Maybe now we can feel better about our society

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By Steve Doyle


There are many of us who did not think we ever would see what happened Tuesday in Washington, D.C.

Whether we are 80 or even 8, many of us did not think we would see anyone but a white man – maybe, in a far-off dream, a woman – serve as President of the United States.

You may be heartened, energized or disgusted by the fact that Barack Obama is our president today, but the reality is there and may be faced with the awe that comes along with simply stating that fact.

Read this phrase aloud and let its impact wash over you: An African-American man is our president.

So many have said so often they didn’t dare dream this could happen. Don’t you imagine that even Obama shared that skepticism not so long ago?

On Monday at a celebration in Shelbyville of the birthday of the late Martin Luther King Jr. – and of Obama’s inauguration – the Rev. Robert Marshall said that “even 12 months ago, you didn’t believe it was going to happen.” His words were greeted with “amens” and applause.

Today it has happened. This is a reality. Amen.

But how? How did society evolve in just less than 50 years from one that excluded blacks from the basic business of eating and drinking at the same table or sharing a seat on a bus or in a theater to embrace a man of color as its leader, the most powerful man in the free world?

There is no simple answer. There are only one-by-one examples.

You can look at history and recognize those who led the way. You have your barometers, and you know who really made a difference.

And whether or not you embraced that person, you now clearly recognize that impact and shake your head at how you saw them at their moments of greatest contribution. Some died in the process, and others have died before they saw the proverbial fruits of their labors.

But we see them and shake our heads.

Shelby County not always has been a place of comfort among the races. It was borne from a southern, agricultural society that reinforced racial divides and passed those attitudes  along for generations.

Even as relationships were improving since the 1950s, they remained uneasy, mostly because of fear.

Not so long ago, meals weren’t typically shared other than at school or a public event. Workers at your farm may have had to drink from a separate water jug than yours. Classmates and teammates of color may have kept to themselves for nothing more than comfort.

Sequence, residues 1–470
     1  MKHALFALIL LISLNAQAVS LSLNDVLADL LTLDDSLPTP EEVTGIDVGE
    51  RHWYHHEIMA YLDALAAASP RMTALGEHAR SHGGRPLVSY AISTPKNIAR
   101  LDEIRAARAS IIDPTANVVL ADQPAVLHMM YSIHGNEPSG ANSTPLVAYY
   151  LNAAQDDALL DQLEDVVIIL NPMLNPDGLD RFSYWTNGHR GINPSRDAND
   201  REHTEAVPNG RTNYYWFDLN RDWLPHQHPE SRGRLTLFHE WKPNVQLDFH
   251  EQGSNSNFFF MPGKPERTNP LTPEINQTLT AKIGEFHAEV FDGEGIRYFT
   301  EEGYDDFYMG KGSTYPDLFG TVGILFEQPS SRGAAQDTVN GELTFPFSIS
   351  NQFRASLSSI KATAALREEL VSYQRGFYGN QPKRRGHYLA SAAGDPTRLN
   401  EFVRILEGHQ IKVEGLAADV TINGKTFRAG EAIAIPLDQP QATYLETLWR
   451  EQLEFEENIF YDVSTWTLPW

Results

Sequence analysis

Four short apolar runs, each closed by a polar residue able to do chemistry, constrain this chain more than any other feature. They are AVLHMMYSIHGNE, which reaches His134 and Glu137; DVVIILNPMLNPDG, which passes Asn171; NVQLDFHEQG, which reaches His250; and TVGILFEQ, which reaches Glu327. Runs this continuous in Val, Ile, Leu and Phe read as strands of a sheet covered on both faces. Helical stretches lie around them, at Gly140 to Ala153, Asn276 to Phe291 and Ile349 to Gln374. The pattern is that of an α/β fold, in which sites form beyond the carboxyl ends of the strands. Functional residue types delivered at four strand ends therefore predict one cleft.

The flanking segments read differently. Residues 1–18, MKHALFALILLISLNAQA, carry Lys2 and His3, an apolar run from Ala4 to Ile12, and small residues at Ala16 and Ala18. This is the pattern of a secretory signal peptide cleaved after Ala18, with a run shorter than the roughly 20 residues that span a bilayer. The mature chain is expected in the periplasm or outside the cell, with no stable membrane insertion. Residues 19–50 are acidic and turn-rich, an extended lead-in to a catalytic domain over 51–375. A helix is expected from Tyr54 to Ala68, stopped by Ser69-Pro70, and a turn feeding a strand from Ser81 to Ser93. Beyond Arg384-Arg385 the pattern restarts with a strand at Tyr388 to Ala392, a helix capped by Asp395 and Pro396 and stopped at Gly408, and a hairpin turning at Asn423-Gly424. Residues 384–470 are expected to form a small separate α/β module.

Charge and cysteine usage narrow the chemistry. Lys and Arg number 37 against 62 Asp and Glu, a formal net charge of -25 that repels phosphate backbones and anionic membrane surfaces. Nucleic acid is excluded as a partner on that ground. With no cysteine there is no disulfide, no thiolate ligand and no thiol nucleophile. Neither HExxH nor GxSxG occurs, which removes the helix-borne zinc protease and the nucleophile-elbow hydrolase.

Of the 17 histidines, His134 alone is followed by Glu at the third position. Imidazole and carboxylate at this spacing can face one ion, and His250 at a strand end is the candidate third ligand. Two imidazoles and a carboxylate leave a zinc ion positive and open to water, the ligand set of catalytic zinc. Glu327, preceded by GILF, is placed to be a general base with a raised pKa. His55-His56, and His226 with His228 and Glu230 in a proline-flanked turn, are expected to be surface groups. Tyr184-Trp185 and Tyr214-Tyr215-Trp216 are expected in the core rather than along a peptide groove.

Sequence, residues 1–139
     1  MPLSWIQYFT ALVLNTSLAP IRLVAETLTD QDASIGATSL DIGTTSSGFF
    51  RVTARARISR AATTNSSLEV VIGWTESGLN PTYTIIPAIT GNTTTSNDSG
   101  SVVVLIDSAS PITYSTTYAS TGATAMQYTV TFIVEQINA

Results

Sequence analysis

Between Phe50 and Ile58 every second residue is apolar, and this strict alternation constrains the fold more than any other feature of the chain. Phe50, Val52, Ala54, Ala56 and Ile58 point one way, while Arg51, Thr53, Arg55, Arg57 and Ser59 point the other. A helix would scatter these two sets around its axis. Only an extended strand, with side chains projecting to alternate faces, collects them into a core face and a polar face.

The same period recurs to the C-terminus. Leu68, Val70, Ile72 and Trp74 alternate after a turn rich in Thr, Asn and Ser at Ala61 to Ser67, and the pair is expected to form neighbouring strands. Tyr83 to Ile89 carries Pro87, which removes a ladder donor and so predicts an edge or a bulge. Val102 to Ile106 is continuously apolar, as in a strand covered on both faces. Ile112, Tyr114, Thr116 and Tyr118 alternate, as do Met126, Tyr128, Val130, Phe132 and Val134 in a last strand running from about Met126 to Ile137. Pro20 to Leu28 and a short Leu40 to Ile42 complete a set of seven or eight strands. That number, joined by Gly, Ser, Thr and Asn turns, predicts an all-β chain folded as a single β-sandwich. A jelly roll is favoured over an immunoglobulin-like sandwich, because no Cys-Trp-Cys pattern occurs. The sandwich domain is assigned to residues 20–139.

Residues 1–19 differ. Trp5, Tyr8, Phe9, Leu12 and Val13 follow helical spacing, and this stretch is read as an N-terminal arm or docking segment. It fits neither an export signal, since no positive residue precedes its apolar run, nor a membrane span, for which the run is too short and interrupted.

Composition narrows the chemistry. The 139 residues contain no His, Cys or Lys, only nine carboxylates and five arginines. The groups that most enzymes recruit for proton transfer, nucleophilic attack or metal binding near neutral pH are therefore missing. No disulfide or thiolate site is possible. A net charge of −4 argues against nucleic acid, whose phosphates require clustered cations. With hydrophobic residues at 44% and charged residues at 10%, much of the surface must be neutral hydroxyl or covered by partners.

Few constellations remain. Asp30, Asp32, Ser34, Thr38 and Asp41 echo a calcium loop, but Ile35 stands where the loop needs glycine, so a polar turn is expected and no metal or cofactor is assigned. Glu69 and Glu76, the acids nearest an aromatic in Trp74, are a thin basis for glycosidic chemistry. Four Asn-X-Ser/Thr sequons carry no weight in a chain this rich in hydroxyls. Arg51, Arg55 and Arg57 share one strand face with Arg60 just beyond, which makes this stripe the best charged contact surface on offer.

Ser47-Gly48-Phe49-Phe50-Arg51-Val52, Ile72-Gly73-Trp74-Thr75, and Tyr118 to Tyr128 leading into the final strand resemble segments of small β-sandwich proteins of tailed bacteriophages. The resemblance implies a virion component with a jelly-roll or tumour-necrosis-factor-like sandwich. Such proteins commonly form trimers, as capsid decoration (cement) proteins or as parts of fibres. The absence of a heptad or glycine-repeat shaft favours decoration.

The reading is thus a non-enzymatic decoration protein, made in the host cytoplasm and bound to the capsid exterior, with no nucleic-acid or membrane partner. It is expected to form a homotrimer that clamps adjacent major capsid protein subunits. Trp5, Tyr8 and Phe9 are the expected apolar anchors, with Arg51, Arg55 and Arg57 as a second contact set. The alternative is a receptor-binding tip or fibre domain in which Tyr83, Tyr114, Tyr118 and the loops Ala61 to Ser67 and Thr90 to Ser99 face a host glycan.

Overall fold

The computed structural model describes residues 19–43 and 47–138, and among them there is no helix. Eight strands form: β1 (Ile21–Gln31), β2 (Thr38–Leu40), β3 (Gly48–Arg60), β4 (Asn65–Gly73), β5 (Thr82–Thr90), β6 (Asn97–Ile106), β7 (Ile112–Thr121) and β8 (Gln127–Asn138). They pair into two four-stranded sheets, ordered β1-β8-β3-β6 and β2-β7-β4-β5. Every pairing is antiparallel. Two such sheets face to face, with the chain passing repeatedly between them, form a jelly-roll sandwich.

Not so long ago, black customers could go to a movie, but they had to sit separately, generally in the balcony like so many gallery patrons in “To Kill A Mockingbird.” They could go to public parks, but they couldn’t take a dip in the public pool.

Not so long ago, epithets rolled freely and unashamedly off your tongue as routine and even acceptable parts of your daily vocabulary.

Not so long ago, you decried the opposing team’s best player, especially if he were a different color than you, and you may have drawn your loyalties for UK and U of L along those lines.

Not so long ago, a man with white skin didn’t feel comfortable driving north of Washington Street into Martinsville and leaving his car parked along the street.

Not so long ago, our churches had white faces in one set of pews and black faces in another, though all professed to worship the same God and embrace the universal love professed in the Bible.

Not so long ago, a family might not have been able to discuss such relationships because of hatred and fear and the respect given to those who harbored  those emotions,  disagreement not allowed.

Not so long ago, you quietly called a person of color your friend for fear of ostracizing someone else, or you gasped to see an interracial couple showing affection for one another.

And, yes, those things all still happen, those attitudes are still in place. Thankfully, they no longer are close to the majority.

This presidential campaign has underscored a new unity for us. Not only because of Obama, but it’s as if we all just felt a rush of relief that we could openly embrace such glorious change and not feel guilty about it.

We could root for a new approach, a new figurehead and a new future and not fear that it may lead to a place of discomfort and fear.

The scripture reading at Monday’s MLK celebration was the story from Genesis about Joseph and his ability to see the future. The passage ended with the statement of Joseph:   “Behold, a dreamer cometh”

Today, a man who dared to dream has brought to reality the very real dreams of many who went before him – and a wonderful new opportunity for all of us.